The All-Star center has brought his love of science, technology, engineering and math to charity, providing elementary students with meals and a chance to learn
CLEVELAND — Screams of elation and disbelief came from the mouths of 25 elementary school students when they looked through the grocery store windows at their Afro-wearing, nearly 7-foot host.
Cleveland Cavaliers center Jarrett Allen was swarmed and welcomed with smiles as he entered his sixth annual Meals and Math Thanksgiving event on Nov. 17. It was the first time since 2019 that Allen was able to hold his event in person because of the coronavirus pandemic.
The children weren’t alone in their exuberance.
“We had to do Zoom calls during COVID and it’s not the same without the kids in person, seeing their faces and being able to say hi to them,” Allen said. “Today, they were screaming at the window before I came in. It brings me joy just to see how happy they are for something like this.”
Food giveaways during the Thanksgiving holidays by professional athletes are honorable and common, but events such as Allen’s have an immediate learning component, especially for the children.
On this day, a mix of third and fourth grade students chosen from Orchard STEM School on the west side of Cleveland learned how to shop and budget. Allen provided each student with a sample grocery list, a calculator and a budget of $100 (in the form of the grocery store’s gift card). Allen and volunteers shopped with the children and assisted them in calculating their costs.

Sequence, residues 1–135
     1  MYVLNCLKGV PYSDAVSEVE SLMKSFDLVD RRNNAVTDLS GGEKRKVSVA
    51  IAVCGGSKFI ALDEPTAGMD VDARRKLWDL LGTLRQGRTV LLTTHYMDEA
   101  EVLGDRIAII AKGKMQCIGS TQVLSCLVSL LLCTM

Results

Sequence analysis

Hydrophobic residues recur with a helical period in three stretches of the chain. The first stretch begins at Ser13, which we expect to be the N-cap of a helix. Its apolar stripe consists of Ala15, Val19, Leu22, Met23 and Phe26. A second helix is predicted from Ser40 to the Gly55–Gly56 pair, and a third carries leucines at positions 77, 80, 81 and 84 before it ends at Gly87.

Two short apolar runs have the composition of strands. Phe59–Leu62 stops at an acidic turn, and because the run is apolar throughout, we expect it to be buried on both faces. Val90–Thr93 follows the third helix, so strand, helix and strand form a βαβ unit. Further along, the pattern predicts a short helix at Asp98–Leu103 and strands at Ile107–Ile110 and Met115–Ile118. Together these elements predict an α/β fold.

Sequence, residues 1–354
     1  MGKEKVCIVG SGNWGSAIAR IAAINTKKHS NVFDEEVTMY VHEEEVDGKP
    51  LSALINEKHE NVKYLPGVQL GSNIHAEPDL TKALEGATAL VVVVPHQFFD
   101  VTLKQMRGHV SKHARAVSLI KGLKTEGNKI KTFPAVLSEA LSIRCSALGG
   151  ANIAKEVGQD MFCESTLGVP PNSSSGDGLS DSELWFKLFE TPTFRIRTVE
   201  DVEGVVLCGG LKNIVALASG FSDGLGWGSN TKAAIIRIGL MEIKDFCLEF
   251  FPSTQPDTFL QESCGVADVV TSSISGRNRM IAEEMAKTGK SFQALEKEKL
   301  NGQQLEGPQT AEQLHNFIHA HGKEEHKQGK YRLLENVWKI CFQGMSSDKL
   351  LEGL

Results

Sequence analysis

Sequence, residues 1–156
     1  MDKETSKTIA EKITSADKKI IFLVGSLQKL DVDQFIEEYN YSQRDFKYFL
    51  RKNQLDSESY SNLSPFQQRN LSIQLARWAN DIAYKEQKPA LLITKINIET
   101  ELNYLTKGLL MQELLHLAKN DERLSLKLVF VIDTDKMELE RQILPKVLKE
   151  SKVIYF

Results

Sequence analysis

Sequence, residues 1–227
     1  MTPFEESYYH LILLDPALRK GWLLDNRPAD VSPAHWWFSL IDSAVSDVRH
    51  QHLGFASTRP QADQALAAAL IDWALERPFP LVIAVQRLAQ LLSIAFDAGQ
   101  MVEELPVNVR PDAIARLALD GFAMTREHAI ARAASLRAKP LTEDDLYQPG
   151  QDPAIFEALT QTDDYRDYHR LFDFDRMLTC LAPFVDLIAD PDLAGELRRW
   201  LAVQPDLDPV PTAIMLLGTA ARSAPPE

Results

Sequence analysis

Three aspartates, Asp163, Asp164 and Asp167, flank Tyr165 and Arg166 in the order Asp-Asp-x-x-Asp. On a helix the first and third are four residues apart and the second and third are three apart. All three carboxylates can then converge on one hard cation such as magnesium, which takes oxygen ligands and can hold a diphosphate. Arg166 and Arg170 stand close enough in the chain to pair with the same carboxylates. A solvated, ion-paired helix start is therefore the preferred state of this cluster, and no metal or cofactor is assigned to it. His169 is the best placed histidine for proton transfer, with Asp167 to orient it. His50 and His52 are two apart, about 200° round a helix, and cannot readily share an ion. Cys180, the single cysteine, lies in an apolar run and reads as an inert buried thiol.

Allen began this type of charity during his rookie year with the Brooklyn Nets. He made it clear from the start what he wanted this learning exercise and donation to provide.
“I’m always big on STEM [science, technology, engineering and math],” Allen said. “I’m always big on teaching kids how to function for themselves and by helping them learn to budget. I know this could be a corny way to do it, but I do think it makes a difference in the future.”
Allen’s past certainly made a difference in his future. He was inspired by his grandmother, who, until she died many years ago, would participate in food drives and pass out food.
“She’d even do this when she didn’t even have a lot of food for herself,” Allen said. “She always taught us to help people less fortunate, and if you’re in position, you should always help. That always stuck with me.”
STEM has also been a part of Allen’s life since he was young, when his mother, Cheryl, and father, Leonard Allen Sr., emphasized this type of education to him and his older brother, Leonard Allen Jr. Allen Sr. was a center at San Diego State from 1981 to 1985. He was drafted by the Dallas Mavericks, but he didn’t make the team. After a stint overseas, Allen Sr. began a career at Dell.
“I love robotics in terms of engineering,” Allen said. “When I was younger, I made my own robotic arm. I had to write the code for it and it worked. I was also able to build my own computer [in high school].”
Orchard STEM School principal Andrea Moss said she is glad Allen chose her school.